4. Messy. The Legacy issues have helped, occassionally brilliant in fact, but there is still way too much product out there which only has the effect of diluting the music, intrinsic and historic value and quality of the music itself. There is way too much duplication and still too much Colonel Parker mentality. It's a shame: EJ and RS did a brilliant job of tidying things up in the '90's and now things seem to be going AWAOL again.

I also think there is not enough by way of creative compilations. Contradicting myself here abit I know, but I think - an example - a well thought out album of the best of the first takes, thrown in with the odd oddity like the laughing 'lonesome' '69 version) would do well with the mainstream market, if pushed properly. I compiled such a CD for my 25 year old daughter and I know she has copied it to friends of her own age at least 4 or 5 times and it has been very popular.

5. I used to buy all the FTD's until a couple of years ago. Space issues, and chasing completeness for nearly 40 years has taken it's toll on my patience and cost me alot of hair (not to mention money) so today I pick and choose. That I do not buy them all today is not a reflection on their quality - I have the awful feeling that despite my rhetoric, the last space created by the last reoriganisation will be reorgasnised again and space will be made, insanity will set in further and I will catch up with those I have skipped.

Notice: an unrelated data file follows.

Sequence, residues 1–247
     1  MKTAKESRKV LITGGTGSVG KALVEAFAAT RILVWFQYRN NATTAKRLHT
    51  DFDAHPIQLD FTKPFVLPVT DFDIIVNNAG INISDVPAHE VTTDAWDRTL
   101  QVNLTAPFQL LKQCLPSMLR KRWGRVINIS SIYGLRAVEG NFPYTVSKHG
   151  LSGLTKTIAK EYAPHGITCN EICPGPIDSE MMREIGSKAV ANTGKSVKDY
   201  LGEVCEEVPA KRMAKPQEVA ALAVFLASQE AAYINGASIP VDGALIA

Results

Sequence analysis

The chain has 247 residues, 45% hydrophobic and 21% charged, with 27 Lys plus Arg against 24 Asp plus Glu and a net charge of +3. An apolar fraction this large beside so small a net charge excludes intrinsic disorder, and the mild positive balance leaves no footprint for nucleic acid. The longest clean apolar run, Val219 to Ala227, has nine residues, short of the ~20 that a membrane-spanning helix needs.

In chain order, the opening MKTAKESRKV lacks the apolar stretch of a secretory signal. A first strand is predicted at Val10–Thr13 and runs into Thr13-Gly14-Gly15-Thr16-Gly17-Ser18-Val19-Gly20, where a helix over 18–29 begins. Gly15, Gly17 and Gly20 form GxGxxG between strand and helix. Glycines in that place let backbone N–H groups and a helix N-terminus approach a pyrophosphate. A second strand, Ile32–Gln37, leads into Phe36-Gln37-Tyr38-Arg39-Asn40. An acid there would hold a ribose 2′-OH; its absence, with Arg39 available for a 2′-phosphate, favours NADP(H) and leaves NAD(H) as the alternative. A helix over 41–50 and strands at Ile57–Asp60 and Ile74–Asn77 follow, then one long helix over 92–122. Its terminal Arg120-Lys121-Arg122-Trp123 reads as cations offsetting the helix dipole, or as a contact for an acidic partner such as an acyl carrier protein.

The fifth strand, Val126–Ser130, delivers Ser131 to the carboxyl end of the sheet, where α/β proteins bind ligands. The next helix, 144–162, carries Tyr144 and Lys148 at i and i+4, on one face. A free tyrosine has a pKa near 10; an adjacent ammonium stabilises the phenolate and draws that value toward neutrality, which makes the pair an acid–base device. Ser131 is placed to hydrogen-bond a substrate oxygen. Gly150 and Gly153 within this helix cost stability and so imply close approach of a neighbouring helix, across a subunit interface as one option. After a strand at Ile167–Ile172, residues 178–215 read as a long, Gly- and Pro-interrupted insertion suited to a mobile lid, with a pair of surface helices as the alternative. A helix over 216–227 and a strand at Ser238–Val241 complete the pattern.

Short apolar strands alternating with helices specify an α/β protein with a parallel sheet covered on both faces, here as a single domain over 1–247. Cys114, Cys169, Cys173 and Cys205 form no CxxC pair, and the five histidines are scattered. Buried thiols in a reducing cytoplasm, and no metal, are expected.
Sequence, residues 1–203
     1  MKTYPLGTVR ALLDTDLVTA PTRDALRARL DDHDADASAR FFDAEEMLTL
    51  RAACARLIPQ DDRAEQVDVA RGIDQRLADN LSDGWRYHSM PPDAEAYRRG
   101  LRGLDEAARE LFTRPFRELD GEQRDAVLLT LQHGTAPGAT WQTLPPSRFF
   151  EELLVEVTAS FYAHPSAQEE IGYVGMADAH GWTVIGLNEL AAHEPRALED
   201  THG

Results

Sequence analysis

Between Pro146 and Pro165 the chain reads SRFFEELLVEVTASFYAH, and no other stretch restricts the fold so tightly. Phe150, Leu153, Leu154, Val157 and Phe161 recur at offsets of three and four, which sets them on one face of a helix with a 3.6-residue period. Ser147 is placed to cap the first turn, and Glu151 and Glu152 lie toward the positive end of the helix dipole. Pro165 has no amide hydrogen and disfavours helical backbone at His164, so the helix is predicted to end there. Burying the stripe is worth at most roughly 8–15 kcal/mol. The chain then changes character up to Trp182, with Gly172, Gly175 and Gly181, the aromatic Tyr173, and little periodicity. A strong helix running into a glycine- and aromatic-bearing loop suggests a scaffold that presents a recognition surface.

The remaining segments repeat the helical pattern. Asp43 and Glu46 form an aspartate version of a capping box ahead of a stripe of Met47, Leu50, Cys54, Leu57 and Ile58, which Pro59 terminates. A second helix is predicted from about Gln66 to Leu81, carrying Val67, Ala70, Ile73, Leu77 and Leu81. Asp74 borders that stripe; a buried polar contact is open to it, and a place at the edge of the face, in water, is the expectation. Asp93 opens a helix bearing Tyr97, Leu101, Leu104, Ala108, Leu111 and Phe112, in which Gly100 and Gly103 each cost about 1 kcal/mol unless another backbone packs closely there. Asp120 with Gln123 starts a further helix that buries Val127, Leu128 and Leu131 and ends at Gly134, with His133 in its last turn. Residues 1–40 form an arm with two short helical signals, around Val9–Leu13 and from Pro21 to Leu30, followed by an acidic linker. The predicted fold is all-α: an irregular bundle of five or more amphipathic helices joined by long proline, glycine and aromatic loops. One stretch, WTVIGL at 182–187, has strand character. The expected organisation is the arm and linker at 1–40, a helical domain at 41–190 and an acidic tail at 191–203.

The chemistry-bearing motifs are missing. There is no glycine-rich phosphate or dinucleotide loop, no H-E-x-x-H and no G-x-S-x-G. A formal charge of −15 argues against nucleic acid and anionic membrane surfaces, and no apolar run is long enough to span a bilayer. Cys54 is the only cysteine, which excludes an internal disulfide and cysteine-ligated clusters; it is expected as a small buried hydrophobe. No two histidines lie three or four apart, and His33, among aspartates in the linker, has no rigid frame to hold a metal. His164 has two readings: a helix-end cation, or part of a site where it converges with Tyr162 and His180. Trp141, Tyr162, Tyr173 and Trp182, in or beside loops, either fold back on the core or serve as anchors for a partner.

6. As a whole, brilliant. I think FTD have dropped a few clangers along the way - the "Stage Rehearsal" CD and issuing soundboards at the wrong speed and pitch are where they go wrong being examples - sloppy, details, basically. But I cannot complain - I would almost consider it rude to do so.

7. Nothing - that we know is in RCA's possession - comes to mind. A '69 rehearsal, the '56 gig with 'Only You' on it, Golden Gate, the 'Hound Dog' session, 'Tiger Man' acetate (without meaning to restart that debate) or Pittsburgh soundboard would be nice, but I am not aware that RCA have these and though EJ may be good even he can't release things he doesn't have - which is a great pity!

8. You tube: depends how you see it. As an enthusiast, it's indispensable. As an artist, it must be infuriating. But like remixes, it's bad for the music but great for the market. Downloads the same.

9. Principally I am against remixes. But they attract new fans and that can only be a good thing.

10. Yes. Give us a decent release on EOT.

Re: Posthumous Elvis releases survey.

Mon Nov 28, 2016 1:40 am

1.) If you were around in 1977, do you remember what your expectations were regarding the possibility of unreleased material being issued after Elvis’s death? Did you expect/hope for official releases of outtakes, concerts, rehearsals?

I was way too young in 1977, but don't think anybody expected a lot of unreleased material to come out.

2.) Between 1977 and the present day, during which period do you think the Elvis catalogue at retail level (not FTD) was at its most organised, coherent and accessible? Why?

From around 1992 to 1998, when Ernst worked on the great 50's 60's and 70's box sets (only the latter was a bit of a disappointment because 1) the way the tracks were ordered and 2) the fact that too many tracks were not included. But except for that fact, it was at then that Ernst put the Elvis catalogue in perspective.